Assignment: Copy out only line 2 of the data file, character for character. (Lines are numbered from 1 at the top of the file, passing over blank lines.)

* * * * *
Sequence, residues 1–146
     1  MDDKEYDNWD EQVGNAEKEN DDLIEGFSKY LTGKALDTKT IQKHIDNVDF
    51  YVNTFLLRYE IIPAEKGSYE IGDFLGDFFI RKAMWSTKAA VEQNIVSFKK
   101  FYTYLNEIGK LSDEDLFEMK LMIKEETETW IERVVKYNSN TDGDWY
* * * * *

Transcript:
     1  MDDKEYDNWD EQVGNAEKEN DDLIEGFSKY LTGKALDTKT IQKHIDNVDF